Seven Times Someone (Accidentally) Ruined a Valuable Work of Art
Taiwan’s Central News Agency (CNA) reports that security camera footage appears to show a young man falling into and punching a hole through a painting said to be worth $1.5 million. Flowers, a 17th century oil painting and one of the few signed works by Italian master Paolo Porpora, was on display at “The Face of Leonardo, Images of a Genius” exhibition at Huashan 1914 Creative Park in Taipei, according to CNA.
Below is a glimpse at other reports of tourists being clumsy at museums:
• In May, two tourists reportedly broke off the crown atop “Statue of the Two Hercules,” which sits in Piazza del Comune, a medieval square in Cremona, Italy, when the pair allegedly tried to climb it and take photos.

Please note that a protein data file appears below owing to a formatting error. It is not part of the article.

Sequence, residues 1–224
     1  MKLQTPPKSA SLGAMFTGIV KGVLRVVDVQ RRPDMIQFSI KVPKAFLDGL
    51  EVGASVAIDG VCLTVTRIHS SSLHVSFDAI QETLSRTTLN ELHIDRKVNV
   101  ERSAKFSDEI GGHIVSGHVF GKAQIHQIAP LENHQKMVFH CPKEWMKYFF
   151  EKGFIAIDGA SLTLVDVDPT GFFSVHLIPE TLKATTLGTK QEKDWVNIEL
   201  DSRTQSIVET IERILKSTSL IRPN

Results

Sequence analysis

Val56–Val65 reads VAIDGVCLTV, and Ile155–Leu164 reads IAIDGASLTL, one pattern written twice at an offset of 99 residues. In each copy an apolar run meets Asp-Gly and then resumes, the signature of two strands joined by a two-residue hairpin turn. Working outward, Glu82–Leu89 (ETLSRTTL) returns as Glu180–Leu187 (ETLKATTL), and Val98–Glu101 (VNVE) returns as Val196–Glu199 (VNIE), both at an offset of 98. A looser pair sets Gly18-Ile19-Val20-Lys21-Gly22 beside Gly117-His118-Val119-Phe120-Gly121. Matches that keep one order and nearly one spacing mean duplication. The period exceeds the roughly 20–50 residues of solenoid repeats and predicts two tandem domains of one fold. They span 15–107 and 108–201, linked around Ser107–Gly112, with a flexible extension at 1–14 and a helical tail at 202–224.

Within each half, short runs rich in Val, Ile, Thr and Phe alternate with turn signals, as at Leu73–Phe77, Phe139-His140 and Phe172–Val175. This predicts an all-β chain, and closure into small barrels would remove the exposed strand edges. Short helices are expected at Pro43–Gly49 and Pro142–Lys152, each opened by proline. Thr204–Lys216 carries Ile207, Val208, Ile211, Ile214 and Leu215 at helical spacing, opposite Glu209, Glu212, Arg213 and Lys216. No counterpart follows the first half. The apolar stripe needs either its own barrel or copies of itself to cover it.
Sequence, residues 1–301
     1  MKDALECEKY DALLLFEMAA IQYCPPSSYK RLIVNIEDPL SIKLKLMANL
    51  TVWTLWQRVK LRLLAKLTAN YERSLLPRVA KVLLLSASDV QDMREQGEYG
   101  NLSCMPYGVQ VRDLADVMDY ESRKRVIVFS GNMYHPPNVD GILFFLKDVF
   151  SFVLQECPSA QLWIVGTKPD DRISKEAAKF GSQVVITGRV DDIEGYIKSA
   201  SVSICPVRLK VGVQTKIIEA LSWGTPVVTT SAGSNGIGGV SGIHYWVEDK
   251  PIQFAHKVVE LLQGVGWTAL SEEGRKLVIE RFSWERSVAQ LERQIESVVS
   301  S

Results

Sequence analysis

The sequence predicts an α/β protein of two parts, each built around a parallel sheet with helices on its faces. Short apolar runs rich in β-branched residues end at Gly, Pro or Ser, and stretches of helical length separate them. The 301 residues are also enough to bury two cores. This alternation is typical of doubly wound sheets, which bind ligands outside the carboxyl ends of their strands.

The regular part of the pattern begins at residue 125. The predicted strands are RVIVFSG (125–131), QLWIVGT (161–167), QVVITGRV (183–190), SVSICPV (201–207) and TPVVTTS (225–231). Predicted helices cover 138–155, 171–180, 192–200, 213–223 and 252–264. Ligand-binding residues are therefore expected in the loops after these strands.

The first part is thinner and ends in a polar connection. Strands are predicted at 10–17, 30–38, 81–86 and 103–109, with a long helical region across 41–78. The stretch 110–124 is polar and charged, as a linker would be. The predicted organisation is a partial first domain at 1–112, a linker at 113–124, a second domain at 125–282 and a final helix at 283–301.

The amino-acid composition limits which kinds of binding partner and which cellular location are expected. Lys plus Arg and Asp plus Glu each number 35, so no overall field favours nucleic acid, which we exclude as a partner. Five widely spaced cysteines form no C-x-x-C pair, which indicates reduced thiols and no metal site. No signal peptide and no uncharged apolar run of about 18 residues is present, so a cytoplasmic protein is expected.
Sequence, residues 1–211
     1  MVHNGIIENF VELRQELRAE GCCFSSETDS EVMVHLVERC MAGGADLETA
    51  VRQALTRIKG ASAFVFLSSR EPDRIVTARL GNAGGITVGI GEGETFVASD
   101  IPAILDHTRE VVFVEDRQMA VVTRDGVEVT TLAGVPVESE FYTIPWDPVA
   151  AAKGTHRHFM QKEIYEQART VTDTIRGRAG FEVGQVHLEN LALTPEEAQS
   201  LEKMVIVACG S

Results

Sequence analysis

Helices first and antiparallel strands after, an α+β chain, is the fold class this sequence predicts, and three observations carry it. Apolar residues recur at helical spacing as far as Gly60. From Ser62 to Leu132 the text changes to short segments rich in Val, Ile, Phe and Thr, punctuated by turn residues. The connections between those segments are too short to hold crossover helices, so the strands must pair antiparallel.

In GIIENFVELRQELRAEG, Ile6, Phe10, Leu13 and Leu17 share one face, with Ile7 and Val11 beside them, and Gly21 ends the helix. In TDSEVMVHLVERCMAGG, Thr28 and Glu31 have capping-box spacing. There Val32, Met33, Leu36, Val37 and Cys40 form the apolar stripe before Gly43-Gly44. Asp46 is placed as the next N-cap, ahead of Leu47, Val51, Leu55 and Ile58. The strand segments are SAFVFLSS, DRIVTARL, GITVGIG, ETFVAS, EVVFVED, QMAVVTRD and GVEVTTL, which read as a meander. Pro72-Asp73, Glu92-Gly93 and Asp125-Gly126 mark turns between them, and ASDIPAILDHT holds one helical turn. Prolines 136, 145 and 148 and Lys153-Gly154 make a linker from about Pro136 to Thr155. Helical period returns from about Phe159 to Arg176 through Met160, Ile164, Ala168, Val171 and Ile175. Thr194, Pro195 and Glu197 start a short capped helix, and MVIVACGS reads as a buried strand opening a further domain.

• Also in May, the Greek Culture Ministry said a tourist tried to touch a prehistoric, Minoan-era vase at the Museum of Iraklio and knocked it over, suffering a minor leg injury.
• Last March, a student reportedly climbed onto a 19th century statue depicting a “Drunken Satyr” at Academy of Fine Arts of Brera in Milan, Italy, to take a selfie and broke it.
• Last July, an American student got stuck inside Pi Chacan, a stone sculpture of a vagina by Peruvian artist Fernando de la Jara, which sat in front of Tübingen University’s Institute for Microbiology and Virology in Germany.
• In 2006, a man was arrested for smashing three 17th century Chinese porcelain vases said to be worth £500,000 (about $789,000) at the Fitzwilliam Museum in Cambridge, England.
• While trying to see how his hand measured up, a Connecticut surgeon reportedly broke off the pinky finger on a 600-year-old statue of the Virgin Mary by 15th century Florentine sculptor Giovanni d’Ambrogi called “Annunciazione” at Florence’s Museo dell’Opera del Duomo (“Museum of the Works of the Cathedral”).
This story originally appeared on Time